Google’s Eric Schmidt Defends Motorola Acquisition, Vows to Keep Android Competitive
On the heels of Samsung being forced to license mobile technology from Microsoft as the former company claims that Android infringes on its Windows Phone patents and in the midst of Samsung fighting a patent war on multiple fronts with Apple, Google’s Eric Schmidt goes on record to defend his company’s acquisition of Motorola, saying that it will benefit the Android community at large. In his interview with Bloomberg, Schmidt, former CEO of Google, says that Google will not do anything to play favorites with Motorola and that the Android OS-maker will not disrupt the current dynamics of the Android ecosystem.
The Android ecosystem is the No. 1 priority, and that we won’t do anything with Motorola, or anybody else by the way, that would screw up the dynamics of that industry. We need strong, hard competition among all the Android players. We won’t play favorites in the way people are concerned about.
Schmidt’s comments come amidst concerns in the industry that the software-maker would give unfair advantages to its wholly-owned hardware partner, leaving competitors like Samsung, LG, and HTC behind. However, in the past, its Android partners, which include Samsung, Sony Ericsson, LG, and HTC among others, have publicly supported Google’s acquisition of Motorola, citing Motorola’s portfolio of 17,000 patents as the reason. With Motorola’s patents under Google’s belts, it can more adequately defend its partners against patent infringement claims, such as those from Apple and Microsoft.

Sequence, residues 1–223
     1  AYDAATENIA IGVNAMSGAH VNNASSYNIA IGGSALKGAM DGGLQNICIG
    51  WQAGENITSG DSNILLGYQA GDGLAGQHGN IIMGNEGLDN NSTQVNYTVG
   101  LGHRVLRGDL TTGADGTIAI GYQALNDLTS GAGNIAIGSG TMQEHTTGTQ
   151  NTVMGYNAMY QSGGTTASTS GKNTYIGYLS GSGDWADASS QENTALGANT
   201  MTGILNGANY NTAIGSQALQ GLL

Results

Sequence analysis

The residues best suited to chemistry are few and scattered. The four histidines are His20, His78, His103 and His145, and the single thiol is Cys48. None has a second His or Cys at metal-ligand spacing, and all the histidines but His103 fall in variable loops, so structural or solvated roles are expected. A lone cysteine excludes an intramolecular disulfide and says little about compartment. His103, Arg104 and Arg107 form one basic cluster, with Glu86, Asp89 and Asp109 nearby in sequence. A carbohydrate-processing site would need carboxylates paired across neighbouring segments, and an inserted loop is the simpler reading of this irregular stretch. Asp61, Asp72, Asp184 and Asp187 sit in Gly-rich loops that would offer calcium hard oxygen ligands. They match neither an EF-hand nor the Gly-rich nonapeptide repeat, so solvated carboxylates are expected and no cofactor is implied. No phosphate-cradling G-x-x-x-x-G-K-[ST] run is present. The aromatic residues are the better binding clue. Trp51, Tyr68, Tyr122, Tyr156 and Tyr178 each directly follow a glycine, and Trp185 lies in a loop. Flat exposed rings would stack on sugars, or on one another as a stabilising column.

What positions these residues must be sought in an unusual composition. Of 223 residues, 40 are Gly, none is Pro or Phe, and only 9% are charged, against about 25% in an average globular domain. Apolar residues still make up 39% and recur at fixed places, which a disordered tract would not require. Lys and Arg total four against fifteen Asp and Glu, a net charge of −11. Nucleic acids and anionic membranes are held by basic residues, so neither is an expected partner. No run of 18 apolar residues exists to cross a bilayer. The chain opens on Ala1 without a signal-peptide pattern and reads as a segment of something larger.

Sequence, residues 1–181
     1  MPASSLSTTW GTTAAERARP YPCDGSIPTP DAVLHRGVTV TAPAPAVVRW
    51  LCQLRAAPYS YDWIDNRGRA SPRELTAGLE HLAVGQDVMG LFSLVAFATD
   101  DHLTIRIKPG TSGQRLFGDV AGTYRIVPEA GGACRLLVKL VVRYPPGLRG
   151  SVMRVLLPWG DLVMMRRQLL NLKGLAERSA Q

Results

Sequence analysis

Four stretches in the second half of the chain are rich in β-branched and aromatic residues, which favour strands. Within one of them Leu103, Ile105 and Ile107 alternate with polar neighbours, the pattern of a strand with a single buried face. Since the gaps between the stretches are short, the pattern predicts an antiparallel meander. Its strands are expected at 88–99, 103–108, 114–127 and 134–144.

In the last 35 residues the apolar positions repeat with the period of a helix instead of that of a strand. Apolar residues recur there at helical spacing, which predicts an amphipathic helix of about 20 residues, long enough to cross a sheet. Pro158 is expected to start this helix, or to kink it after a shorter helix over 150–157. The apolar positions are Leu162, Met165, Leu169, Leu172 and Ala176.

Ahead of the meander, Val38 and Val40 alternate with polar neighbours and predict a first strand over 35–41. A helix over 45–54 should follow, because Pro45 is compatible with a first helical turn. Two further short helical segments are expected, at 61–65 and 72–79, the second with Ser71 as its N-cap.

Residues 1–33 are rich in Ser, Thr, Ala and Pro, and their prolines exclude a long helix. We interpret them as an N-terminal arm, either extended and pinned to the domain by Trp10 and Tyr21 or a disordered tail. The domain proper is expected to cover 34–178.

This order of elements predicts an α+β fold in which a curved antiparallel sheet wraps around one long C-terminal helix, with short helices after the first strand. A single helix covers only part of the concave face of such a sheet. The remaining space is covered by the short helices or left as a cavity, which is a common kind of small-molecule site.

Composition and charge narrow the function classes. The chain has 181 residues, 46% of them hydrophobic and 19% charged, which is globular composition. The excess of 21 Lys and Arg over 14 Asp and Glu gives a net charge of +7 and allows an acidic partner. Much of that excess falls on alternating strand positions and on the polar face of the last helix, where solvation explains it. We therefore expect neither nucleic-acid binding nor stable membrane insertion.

With Samsung recently paying a licensing fee to Microsoft, it’s unclear how Google can appease one of its largest mobile partners. Samsung, which is broadening its portfolio, is also looking at a Linux-based Tizen OS, which is backed by Intel as the company is folding its MeeGo OS into the new open-source initiative. Whether Samsung’s pursuit of Tizen is a direct result of its dissatisfaction of the Google-Motorola deal is unclear, but it does show Samsung changing its mobile strategy to be less reliant on Android. Additionally, Samsung also licenses Microsoft’s Windows Phone 7 and has its own Bada OS.
HTC has been public about its possible intent with going solo. The company says that it is exploring many options and would only create its own proprietary OS if the opportunity and existing conditions make it feasible. Like Samsung, HTC also licenses Windows Phone 7 in addition to utilizing Android on its smartphones.
Schmidt says that the patent portfolio that Google would acquire as part of its purchase of Motorola Mobility Holdings, Inc. would allow the company to leverage Android against patent suits. Typically in patent lawsuits, companies cross-license patents and little or no money is exchanged when two companies with equally strong patent portfolios are involved. With a company with a bigger portfolio of patents and a smaller company, the bigger one usually gets some money out of the cross-license. Schmidt says that he isn’t sure when Google will be strong enough that its portfolio can be leveraged in a patent or IP suit so that it can cross-license its technology on behalf of its partners so that no money is exchanged.